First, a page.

Caribbean Cruise Capacity

Caribbean cruise capacity stays flat in 2005, compared to 2004 when it was up 5 percent; 2003, 13 percent; and 2002, 16 percent.

According to estimates by Cruise Industry News, cruise ships will be able to carry 6.5 million passengers in the Caribbean (including the Bahamas, but excluding Panama Canal cruises) this year.

But the Caribbean continues to attract more cruise traffic than any other region and will have 52 percent of the worldwide passenger capacity in 2005.

The North American passenger capacity will approximately 6.1 million passengers in 2005 compared to 6.1 million in 2004, while the European capacity will be slightly down.
Market Leaders

The seven-day and longer sector will be down year-over-year, while the short cruise market will be up.

Overall, Carnival continues to be the market leader, commanding nearly 40 percent of the Caribbean capacity, and boosting its total passenger capacity by nearly 150,000 in the short cruise market.

Royal Caribbean International has grown its capacity in the weeklong and longer market by nearly 70,000 driven primarily by the Legend of the Seas and the Jewel of the Seas.

Royal Caribbean’s capacity in the short cruise segment will stay relatively the same. While the line will have four additional ships sailing short cruises in 2005 – the Empress, Grandeur, Rhapsody and Splendour of the Seas – the Enchantment of the Seas will be doing about half as many short cruises this year as she did in 2004.

Princess Cruises is continuing to dedicate all of its cruises in the weeklong and longer market, is only down slightly over 2004, though it will be sailing with the same number of ships as it did last year. However, the Sea Princess will replace the Island Princess, sailing from Ft. Lauderdale this winter on 14-night cruises.

Norwegian Cruise Line will have the same number of ships in the Caribbean this year, although 2005 will mark the line’s return to the short cruise sector, after dedicating all of its 2004 sailings in the weeklong and longer market. The Norwegian Spirit will be sailing on eight five-night cruises roundtrip from Miami.

Overall, however, the line’s capacity will be down slightly in 2005. Although the 2,400-passenger Norwegian Jewel will be added, as well as the 2,000-passenger Norwegian Spirit – counterbalancing that gain will be the loss of the Norwegian Wind, which will be in Hawaii this year, as well as the Pride of Aloha, which sailed in the Caribbean as the Norwegian Sky for the first four months of 2004. In addition, the Norwegian Sea will be transferred to Star Cruises in July.

Premium Cutting Back

The premium lines have reduced their capacity in the Caribbean – most notably, Celebrity Cruises – by nearly 90,000 overall, due primarily to the Century sailing in Europe and the Galaxy doing Panama Canal cruises.  The Summit will also sail half as many Caribbean cruises as she did in 2004.

However, in the short cruise market Celebrity will see a rise – increasing its capacity from 1,374 – with only one cruise by the Zenith in 2004 – to more than 20,000 passengers this year. In addition to significantly more sailings by the Zenith, the line also added a second ship – the 1,950-passenger Summit.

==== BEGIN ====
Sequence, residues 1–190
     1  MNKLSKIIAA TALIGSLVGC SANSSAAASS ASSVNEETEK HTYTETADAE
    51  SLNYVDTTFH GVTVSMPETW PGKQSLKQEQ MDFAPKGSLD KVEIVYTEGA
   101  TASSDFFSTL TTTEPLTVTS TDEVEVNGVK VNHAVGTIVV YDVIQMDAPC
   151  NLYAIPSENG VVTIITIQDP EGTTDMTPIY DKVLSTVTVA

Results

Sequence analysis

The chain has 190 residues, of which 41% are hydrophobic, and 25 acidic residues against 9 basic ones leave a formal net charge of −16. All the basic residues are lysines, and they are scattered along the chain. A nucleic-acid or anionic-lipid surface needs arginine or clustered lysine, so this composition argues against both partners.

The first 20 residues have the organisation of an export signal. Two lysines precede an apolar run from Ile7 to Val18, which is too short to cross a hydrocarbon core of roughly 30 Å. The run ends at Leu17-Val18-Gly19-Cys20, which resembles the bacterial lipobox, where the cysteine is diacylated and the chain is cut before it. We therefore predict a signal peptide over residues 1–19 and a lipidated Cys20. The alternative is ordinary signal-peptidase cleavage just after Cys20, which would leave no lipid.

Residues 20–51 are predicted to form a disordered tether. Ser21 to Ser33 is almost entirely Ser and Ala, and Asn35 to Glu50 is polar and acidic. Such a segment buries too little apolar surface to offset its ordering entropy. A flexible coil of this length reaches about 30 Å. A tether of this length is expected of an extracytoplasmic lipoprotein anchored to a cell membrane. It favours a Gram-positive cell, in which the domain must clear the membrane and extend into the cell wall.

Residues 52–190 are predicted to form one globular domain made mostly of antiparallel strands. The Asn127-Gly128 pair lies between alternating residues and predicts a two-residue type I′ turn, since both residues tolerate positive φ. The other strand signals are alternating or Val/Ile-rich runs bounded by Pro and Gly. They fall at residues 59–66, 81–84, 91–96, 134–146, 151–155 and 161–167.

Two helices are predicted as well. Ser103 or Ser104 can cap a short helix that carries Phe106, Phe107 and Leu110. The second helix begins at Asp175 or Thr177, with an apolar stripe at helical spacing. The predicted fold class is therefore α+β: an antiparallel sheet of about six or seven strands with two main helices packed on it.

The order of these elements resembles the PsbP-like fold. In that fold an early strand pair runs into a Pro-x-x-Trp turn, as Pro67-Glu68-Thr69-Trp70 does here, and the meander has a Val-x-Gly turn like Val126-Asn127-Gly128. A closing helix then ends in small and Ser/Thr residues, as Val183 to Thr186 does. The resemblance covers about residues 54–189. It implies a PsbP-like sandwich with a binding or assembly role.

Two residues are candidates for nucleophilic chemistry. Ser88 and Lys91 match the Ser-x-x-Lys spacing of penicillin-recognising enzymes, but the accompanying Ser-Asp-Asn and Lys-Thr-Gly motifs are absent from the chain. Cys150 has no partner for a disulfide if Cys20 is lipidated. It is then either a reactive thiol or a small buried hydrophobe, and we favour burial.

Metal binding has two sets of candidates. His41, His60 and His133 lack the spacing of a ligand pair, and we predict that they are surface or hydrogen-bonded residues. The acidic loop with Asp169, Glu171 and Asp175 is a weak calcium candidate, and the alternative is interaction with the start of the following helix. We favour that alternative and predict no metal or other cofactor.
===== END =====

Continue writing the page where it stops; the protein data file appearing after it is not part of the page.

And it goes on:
Holland America Line (HAL) will be reducing its capacity by more than 70,000, and will be sailing with two less ships – the Noordam, which has left the fleet, and the Statendam. The line attributed the drop primarily to expanding its Europe and Alaska seasons. HAL will add a bit more capacity in the short cruise sector, however, by deploying another vessel there – the 1,800 passenger Westerdam.

Radisson Seven Seas Cruises has gone down considerably as well – reducing its overall Caribbean capacity of more than 20,000 in 2004, to 12,000 this year – partially due to the sale of the Radisson Diamond.

On a final upswing note, MSC Cruises has increased its Caribbean capacity significantly, going from 9,600 in 2004 to 32,000 this year – as the line now has two vessels sailing seasonally in the region.

European Market

With Festival Cruises and Sun Cruises gone, European operators have lost four ships and 84,000 passengers – 15 percent of their 2004 capacity. The only significant increase among European operators this year comes from Pullmantur, which will be replacing its 640-passenger Pacific with the larger 1000-passenger Holiday Dream, and will in turn more than double its capacity to 45,000 over 2004.

The market leader among the European operators continues to be Costa Crociere, with nearly 90,000 passengers and 29.5 percent of the market. Costa has five ships in the Caribbean dedicated to European passengers, but the line has replaced the Marina – a ship dedicated exclusively to German-speaking passengers – with the Allegra – which is sailing out of Fort Lauderdale. “We have increased our offer for European guests,” Costa Crociere President Gianni Onorato told , referring to the move. Onorato added that in the future, he feels that the Caribbean will become even more of a destination of choice for all Europeans “not only in the winter time, but all year round.”

In other European news, P&O Cruises again has four ships deployed in Caribbean waters, however its capacity will be up slightly over 2004, as its newest flagship, the 1,958-passenger Arcadia will replace the 1,800 passenger Aurora. And, Saga Cruises will be sailing a second ship from the U.K. to the Caribbean in 2005 – the 736-passenger Saga Ruby, which will be joining the Saga Rose. 

Excerpt from the Cruise Industry News Quarterly Magazine: Spring 2005

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